“Other Countries. Other Citizenships” presented in the the Albanian Pavilion @ the 54th Venice Biennale “ILLUMINATIONS”
With the installation “Other countries, other citizenships”, a work presented for the first time in the Biennale, Anila Rubiku (b. 1970) goes straight to the heart of those delicate questions that touch upon the problems of people who leave their country, and what this means when they encounter other cultures and customs. Of behaviour and habitus speaks the great writing that is offered and spread on dozens of hangers, on each of them engraved a single letter, part of the whole sentence. The object is an explicit reference to the dress, what to wear to be part of the society in which we live in. Hanging the clothes we wear is a daily, concrete gesture of stripping off the identity we wear in public. It refers to the private dimension of one being at home, but also to the thin, delicate line that separates what we are and what we outwardly represent. People who leave their country of origin pushed by circumstance and necessity are forced to wear another dress, that is to comply with a new condition, in some way to conform. So the push to integrate is the loss of the individual story, a difficult and often disappointing process of transformation, especially for the so-called first-generation immigrants. Here, as in other works, the question Anila Rubiku deals with in reality is more subtle: it is not only to consider the origin and the starting point of the journey as if they represented something more authentic than the end point. There is no nostalgia for Heimat in her work. The adaptation process changes not only the understanding of the place of arrival but also of the original point of departure. The problematic nature of assuming a uniform one does not own, such as the citizenship of the new nation, does not allow one to simply look back and imagine a possible return to ‘the roots’. The public identity, our interface with the others, the uniform we wear where we were born and raised, is no less illusory than the new one we take in another country. Indeed, the process of adaptation it is likely to change the way we perceive even our home country. The dynamics of the power relations between people and gender – in its complexity the work of Rubiku is also an intense interrogation of the fact that every human relationship contains the ghost of a projection of power – can be altered following a change of latitude, but nonetheless they never become lesser. As a result, identity and disappointment are two aspects closely related. The adaptation process those who leave their country have to go through, while preparing to take on more clothes and habits, redefines the realm of sensibilities no less than the public projection of oneself to the others. As a result, between what we communicate and what we actually think and imagine opens up subtle fracture lines. This is beautifully illustrated in the second key component of Rubiku’s installation, made of drawings and phrases that appear on the top surface of a number of men’s hats, carefully embroidered by hand. Here too an element of clothing becomes the subject of particularly intense reading. The men’s hats symbolize a certain idea of masculinity, decor and representation to the others. The hat is part of the apparel eminently wearable in public, put on to protect and draw attention to the head. But what lies under the hat, that is, under its public performance? What if for a moment on the outside of the hat, this par excellent accessory of man’s fashion, crop up thoughts and imaginations of the person wearing it, emerging like mold on a surface? The reflection on the condition of belonging (our country may be considered so), and on the question of citizenship moves now from the ethical and political to the existential and symbolic.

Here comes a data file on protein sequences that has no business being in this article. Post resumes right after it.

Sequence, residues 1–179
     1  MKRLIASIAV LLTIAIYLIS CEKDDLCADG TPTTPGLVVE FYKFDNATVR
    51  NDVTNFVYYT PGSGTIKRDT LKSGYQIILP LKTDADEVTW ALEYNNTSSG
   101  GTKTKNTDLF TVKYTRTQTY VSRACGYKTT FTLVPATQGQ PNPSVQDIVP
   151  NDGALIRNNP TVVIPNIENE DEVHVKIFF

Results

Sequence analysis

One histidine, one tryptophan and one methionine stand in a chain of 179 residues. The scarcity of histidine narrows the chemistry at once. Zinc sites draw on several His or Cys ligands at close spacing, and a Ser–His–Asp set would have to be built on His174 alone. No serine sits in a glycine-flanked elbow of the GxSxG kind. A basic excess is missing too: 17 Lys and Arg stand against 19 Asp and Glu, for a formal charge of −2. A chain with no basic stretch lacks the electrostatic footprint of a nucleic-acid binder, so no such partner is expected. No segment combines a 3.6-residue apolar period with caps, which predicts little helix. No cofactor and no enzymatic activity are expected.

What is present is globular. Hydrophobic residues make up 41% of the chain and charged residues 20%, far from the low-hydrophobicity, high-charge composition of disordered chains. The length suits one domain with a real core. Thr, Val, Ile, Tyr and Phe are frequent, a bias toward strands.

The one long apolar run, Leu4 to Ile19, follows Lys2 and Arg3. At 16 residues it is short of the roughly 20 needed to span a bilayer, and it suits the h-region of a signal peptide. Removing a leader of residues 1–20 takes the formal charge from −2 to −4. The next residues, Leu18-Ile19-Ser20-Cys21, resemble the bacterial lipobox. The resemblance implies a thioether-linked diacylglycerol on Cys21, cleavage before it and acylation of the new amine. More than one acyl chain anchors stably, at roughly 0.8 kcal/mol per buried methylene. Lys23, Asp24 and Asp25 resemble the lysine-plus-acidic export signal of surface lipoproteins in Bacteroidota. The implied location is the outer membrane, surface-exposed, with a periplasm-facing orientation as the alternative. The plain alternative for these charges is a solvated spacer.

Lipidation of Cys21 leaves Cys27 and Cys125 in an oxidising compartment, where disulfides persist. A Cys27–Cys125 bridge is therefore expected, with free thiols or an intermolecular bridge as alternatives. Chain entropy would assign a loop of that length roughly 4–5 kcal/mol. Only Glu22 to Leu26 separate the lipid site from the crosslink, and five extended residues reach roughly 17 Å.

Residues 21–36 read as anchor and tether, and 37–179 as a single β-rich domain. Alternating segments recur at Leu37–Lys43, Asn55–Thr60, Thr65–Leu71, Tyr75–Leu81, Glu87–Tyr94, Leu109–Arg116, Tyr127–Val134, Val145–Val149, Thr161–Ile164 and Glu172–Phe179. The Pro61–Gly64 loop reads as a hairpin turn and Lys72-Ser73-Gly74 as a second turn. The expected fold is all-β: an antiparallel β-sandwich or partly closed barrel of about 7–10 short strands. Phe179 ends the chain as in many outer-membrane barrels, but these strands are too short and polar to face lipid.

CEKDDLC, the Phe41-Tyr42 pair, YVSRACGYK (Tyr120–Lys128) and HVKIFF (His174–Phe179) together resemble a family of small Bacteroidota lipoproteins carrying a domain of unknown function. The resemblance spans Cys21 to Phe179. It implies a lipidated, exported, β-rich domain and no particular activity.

Text by Riccardo Caldura